Bruxism refers to the persistent grinding of the teeth or clenching of the jaw. Without treatment, this issue can eventually endanger your smile, leading to a greater risk of tooth decay and other oral health complications. Fortunately, we can use preventive procedures to help you stop grinding your teeth.
When was the last time you visited your dentist for a dental cleaning? People sometimes go years without having their teeth professionally cleaned, which allows plaque buildup to accumulate and threaten their oral health. But how does a cleaning protect your smile? How often should you see us for one?
Every few months, we recommend our patients, whether kids or adults, undergo a routine dental exam. There are a number of reasons we recommend a checkup for our patients. In today’s blog, we’re going to look at three important reasons to see us every six months (or three to four months if you have risk factors for gum disease) and let us examine your smile.
Gum disease impacts millions of people in the United States. Despite being so incredibly widespread, few people seem to understand the dangers posed by periodontal disease or how a few simple steps can help reduce their chances of developing poor gum health. In today’s blog, we’re going to look at gum disease prevention.
Cavities can impact patients of all ages. In fact, at some point nearly all of us will develop one or more cavities. Despite their widespread prevalence, you can take steps to help reduce your risk of developing decay, keeping your smile healthy and beautiful in the process.
In our last blog, we looked at how removable dentures can address advanced tooth loss. In today’s blog, we would like to continue our discussion of tooth replacement with a look at implant dentistry. Dental implants offer a number of benefits for patients with one or more missing teeth.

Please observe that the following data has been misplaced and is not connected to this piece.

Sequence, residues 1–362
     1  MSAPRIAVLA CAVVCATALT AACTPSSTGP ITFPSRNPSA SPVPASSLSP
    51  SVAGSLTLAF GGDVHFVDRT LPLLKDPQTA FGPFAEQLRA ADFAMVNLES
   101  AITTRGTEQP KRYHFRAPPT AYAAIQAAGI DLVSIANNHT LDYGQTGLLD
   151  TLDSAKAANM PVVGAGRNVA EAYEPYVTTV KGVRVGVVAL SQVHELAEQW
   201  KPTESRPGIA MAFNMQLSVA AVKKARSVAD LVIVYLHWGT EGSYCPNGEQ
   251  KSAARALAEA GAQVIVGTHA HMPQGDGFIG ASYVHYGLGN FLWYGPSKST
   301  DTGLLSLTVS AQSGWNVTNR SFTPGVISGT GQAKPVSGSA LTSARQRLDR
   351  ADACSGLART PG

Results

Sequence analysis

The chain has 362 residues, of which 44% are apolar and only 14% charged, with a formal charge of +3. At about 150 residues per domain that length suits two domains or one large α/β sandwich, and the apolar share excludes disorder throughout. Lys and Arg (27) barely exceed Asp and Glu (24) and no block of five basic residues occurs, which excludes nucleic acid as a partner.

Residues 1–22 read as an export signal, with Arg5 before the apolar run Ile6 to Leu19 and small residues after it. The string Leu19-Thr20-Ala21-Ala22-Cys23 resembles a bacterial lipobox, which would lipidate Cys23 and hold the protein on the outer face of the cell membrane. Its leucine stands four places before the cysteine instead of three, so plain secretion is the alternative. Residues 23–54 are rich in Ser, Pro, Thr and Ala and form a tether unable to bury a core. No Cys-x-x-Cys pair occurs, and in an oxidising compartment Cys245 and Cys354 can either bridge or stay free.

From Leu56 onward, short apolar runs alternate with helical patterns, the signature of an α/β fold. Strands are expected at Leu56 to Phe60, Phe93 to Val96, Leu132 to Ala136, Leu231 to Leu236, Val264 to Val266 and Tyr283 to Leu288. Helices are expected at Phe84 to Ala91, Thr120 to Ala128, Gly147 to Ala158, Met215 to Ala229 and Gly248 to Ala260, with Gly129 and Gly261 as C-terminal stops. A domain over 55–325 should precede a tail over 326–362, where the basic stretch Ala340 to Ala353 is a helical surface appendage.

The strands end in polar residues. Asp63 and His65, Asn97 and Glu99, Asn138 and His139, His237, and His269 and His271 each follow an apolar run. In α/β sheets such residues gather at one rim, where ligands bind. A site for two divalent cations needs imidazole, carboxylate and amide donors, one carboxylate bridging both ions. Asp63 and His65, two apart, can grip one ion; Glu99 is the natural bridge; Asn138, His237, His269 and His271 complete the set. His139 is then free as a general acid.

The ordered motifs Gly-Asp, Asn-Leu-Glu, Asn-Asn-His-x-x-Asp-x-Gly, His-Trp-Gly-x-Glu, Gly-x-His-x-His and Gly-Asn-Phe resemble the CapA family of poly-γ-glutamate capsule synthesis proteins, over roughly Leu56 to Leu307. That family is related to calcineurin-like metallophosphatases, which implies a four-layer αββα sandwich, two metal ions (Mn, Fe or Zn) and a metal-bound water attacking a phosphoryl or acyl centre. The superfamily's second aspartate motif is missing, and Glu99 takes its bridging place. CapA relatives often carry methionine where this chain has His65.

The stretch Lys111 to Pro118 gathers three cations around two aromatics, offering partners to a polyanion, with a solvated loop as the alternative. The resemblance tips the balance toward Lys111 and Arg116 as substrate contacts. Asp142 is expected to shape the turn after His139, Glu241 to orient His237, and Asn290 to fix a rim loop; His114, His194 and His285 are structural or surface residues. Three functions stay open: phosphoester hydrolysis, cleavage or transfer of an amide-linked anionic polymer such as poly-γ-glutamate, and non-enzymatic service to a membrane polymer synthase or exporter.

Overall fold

If you’ve lost several of your teeth, or a majority of them, then you understand how this can impact your ability to speak and eat, as well as your appearance. For patients with advanced tooth loss, we may suggest a prosthetic, such as a denture. How do you know if you need a full or partial denture?
A dentist strives to help patients maintain their natural teeth. However, sometimes in the process of improving oral health, a tooth may actually need to be removed. When do you recommend an extraction? What can a patient expect from the procedure?
When your tooth becomes damaged, or should decay or infection form, you will need a restoration. Otherwise, you run the risk of losing your tooth altogether. Fortunately, we have a variety of options for repairing them, including crowns and partial crowns. But how do crowns differ from partial crowns (also known as inlays and onlays)?
We have a number of cosmetic treatments designed to address a tooth’s shade and shape, such as teeth whitening or dental bonding. However, one procedure can be used to completely transform a smile in as little as two visits. What are the benefits of porcelain veneers? How do we create and place them?